High-Resolution Acoustic Cameras Provide Direct and Efficient Assessments of Large Demersal Fish Populations in Extremely Turbid Waters

Type Article
Date 2021-02
Language English
Author(s) Artero CelineORCID1, 2, Marchetti Simon3, Bauer Eric3, Viala Christophe4, Noël Claire3, Koenig Christopher2, Berzins Rachel1, Lampert LuisORCID5
Affiliation(s) 1 : Office Français de la Biodiversité (ex Office National de la Chasse et de la Faune Sauvage), 97338 Cayenne CEDEX, French Guiana
2 : Coastal and Marine Laboratory, Florida State University, St Teresa Beach, FL 32358, USA
3 : SEMANTIC T.S., 83110 Sanary-sur-Mer, France
4 : Seaviews, 13600 La Ciotat, France
5 : Institut Français de Recherche Pour l’Exploitation de la MER, Dyneco/Pelagos, 29280 Plouzané, France
Source Applied Sciences (2076-3417) (MDPI AG), 2021-02 , Vol. 11 , N. 4 , P. 1899 (16p.)
DOI 10.3390/app11041899
WOS© Times Cited 12
Note This article belongs to the Special Issue New Ways to Monitor and Analyse Biodiversity in the Marine Environment
Keyword(s) fish stock survey, turbid waters, acoustic camera, demersal fish, distribution, detectability

Monitoring fish species populations in very turbid environments is challenging. Acoustic cameras allow work in very poor visibility but are often deployed as a fixed observation point, limiting the scope of the survey. A BlueView P900-130 acoustic camera was deployed in rocky marine habitats off the coast of French Guiana in order to assess the total abundance, size structure and spatial distribution of a demersal fish population. The relevancy of using an acoustic camera to achieve these three objectives was evaluated by comparing acoustic data to those obtained from fishing surveys. The detection and identification of large demersal fish species were possible with the shape and size of the acoustic signal and acoustic shadow silhouette as well as swimming behavior. Mobile surveys combined with stationary surveys increased the probability of distinguishing individuals from inanimate objects. Estimated total length based on the acoustic signal underestimated the actual length of fish measured on deck, but the data showed the same trends in spatial and temporal variation. Acoustic cameras overcame the extreme lack of visibility by increasing knowledge of fish use of habitat, therefore providing much more efficiency in the effort, more accurate data on the abundance, size structure and spatial distribution than the fishing method. Thus, despite few limitations, acoustic camera surveys are far superior to fishing surveys in evaluating large demersal fish stock status.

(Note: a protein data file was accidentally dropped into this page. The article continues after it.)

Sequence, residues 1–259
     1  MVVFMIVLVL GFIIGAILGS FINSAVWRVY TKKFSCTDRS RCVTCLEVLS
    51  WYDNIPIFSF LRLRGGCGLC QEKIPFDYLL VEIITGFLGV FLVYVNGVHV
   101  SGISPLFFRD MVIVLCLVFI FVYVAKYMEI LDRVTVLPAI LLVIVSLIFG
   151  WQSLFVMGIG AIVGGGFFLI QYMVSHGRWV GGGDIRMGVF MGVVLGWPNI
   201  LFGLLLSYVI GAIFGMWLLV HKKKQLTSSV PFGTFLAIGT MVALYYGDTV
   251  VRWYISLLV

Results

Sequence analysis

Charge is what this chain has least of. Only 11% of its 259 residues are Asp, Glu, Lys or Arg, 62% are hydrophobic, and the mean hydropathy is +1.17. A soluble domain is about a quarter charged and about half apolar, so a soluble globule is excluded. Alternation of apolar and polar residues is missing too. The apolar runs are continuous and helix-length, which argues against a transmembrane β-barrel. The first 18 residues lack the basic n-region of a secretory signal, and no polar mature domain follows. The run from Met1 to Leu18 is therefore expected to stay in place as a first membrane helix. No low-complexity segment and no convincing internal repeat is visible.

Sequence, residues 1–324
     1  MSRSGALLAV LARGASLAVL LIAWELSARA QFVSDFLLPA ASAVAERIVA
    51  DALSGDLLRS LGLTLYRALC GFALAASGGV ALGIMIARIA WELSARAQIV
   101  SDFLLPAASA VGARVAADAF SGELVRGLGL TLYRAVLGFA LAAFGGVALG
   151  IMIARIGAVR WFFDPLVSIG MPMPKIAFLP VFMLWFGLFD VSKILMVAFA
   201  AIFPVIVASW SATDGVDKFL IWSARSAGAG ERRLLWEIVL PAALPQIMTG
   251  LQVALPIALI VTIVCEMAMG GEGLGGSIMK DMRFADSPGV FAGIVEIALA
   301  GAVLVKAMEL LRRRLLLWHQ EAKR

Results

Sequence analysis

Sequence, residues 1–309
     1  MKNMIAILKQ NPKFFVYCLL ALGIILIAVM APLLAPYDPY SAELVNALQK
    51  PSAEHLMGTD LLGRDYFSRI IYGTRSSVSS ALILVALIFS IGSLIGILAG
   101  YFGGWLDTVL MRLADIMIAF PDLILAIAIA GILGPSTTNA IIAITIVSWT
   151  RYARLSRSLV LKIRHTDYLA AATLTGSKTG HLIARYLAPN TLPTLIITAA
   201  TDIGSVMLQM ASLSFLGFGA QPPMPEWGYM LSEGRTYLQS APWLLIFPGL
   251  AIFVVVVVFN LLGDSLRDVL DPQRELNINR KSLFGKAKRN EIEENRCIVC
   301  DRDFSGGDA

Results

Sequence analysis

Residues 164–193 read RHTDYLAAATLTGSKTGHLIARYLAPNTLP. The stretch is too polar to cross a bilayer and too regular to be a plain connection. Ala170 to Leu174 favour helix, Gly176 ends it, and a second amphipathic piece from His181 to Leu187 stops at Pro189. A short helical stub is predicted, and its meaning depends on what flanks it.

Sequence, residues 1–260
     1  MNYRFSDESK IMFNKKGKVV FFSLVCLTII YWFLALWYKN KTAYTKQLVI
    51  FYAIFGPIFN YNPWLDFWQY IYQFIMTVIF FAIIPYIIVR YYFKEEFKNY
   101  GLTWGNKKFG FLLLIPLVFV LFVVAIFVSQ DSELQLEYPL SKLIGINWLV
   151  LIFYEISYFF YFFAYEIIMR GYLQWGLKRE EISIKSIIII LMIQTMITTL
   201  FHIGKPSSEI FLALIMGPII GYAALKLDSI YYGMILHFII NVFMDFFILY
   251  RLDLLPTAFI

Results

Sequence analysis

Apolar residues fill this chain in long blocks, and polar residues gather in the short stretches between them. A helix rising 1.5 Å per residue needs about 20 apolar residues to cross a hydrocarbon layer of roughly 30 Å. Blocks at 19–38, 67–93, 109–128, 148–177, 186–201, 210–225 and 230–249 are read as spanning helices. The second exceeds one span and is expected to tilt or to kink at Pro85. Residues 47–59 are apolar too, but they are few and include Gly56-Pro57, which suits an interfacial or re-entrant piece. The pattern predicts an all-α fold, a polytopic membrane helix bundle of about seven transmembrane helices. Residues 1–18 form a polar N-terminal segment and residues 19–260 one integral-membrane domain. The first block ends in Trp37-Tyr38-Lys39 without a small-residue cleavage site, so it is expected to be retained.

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Artero Celine, Marchetti Simon, Bauer Eric, Viala Christophe, Noël Claire, Koenig Christopher, Berzins Rachel, Lampert Luis (2021). High-Resolution Acoustic Cameras Provide Direct and Efficient Assessments of Large Demersal Fish Populations in Extremely Turbid Waters. Applied Sciences, 11(4), 1899 (16p.). Publisher's official version : https://doi.org/10.3390/app11041899 , Open Access version : https://archimer.ifremer.fr/doc/00687/79907/